How Does the Hybrid Work Trend Impact Construction?

The ongoing COVID-19 pandemic has created significant shifts in all aspects of life and sectors of the economy. Many companies, regardless of industry, adopted fully remote or hybrid work models. Going into an office five days a week quickly became outdated amid COVID-19 protocols, such as mask mandates and social distancing.  However, the hybrid work trend has impacted industries differently. For example, some companies, especially in health care or construction, offer essential services and regularly conduct business in person. How has this hybrid work shift impacted how construction firms operate?  Below is more about the hybrid work model, its benefits and drawbacks and how it’s impacted the construction industry. 

The Pivot to Hybrid Working Models 

According to research from McKinsey, nine out of 10 organizations surveyed will combine remote and on-site working in the post-pandemic era. It’s expected that hybrid work will be a dominant force in the future of work culture.  Hybrid work comes with pros and cons. It allows for increased scheduling flexibility, helps employees find a work-life balance, increases productivity and reduces companies’ operating costs, such as office rent and utilities.  However, if teams are distributed, it may negatively impact collaboration and communication efforts. Hybrid teams also may lack organizational structure and end up working in silos.  Another concern of hybrid work is the increased risk of facing cybersecurity threats, given the number of distributed devices connected to a company’s network.  It’s always critical that construction companies use best cybersecurity practices, such as using a password-protected router, avoiding phishing scams and taking precautions when handling personally identifiable information (PII).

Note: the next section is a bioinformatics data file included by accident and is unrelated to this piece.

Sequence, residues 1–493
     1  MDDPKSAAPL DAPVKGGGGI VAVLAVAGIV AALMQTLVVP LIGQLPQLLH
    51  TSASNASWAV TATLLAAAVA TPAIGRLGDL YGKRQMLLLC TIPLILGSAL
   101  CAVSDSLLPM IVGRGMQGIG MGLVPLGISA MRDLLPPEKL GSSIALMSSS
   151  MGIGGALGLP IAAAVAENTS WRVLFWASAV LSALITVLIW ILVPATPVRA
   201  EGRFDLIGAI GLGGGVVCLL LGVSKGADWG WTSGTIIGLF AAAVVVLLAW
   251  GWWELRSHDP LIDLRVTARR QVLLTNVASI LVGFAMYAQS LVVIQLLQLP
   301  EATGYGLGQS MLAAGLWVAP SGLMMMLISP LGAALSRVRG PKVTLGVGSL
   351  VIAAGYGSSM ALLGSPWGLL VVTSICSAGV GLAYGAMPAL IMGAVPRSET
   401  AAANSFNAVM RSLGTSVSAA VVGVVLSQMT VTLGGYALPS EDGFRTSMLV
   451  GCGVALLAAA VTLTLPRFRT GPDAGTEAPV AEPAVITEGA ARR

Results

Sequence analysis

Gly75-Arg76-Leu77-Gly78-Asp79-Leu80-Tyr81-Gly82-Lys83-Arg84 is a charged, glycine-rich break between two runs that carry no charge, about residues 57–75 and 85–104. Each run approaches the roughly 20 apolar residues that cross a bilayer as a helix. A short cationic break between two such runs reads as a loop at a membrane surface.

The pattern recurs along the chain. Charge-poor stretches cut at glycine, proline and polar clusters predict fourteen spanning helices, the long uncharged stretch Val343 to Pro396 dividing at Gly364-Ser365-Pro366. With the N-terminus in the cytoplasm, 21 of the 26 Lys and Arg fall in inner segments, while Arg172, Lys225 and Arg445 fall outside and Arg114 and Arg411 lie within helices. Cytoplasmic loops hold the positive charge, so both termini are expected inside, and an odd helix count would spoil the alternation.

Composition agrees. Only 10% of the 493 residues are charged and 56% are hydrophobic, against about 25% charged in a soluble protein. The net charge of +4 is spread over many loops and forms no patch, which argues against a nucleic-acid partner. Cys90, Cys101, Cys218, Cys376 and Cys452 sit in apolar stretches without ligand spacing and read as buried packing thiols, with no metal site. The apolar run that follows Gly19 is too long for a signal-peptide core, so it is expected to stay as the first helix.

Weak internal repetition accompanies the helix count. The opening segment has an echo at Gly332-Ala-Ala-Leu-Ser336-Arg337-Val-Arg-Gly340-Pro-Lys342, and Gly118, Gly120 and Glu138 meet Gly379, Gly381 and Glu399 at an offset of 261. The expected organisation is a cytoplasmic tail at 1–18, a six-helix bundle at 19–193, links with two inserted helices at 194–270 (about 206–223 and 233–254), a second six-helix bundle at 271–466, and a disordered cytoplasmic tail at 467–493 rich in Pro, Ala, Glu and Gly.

Hybrid Work and the Construction Industry 

The construction industry requires contractors and executives to work in person. Without construction workers completing projects on-site, structures would simply not be built.  Despite the need for workers to appear on job sites, recent studies suggest that construction firms are interested in allowing employees to work remotely, either part-time or full-time. Additionally, one survey found that some employees were more willing to quit their jobs than return to the office if their company asked them to.  However, can construction firms make progress on projects and keep employees productive if they’re not working directly on-site?  So far, it seems as though firms that pivoted to hybrid work have reaped the benefits. Lower real estate costs, eliminating commutes and travel times and improved collaboration with clients are cited as positives by major companies like AECOM and Jacobs.  Unfortunately, hybrid work models do come with their fair share of challenges, especially for construction firms. For a hybrid model to work, there needs to be a strong foundation of good communication, employee training for new technologies and, essentially, a nearly seamless collaboration between on-site and remote staff.  mikey-harris-kw0z6RyvC0s-unsplash - 350x350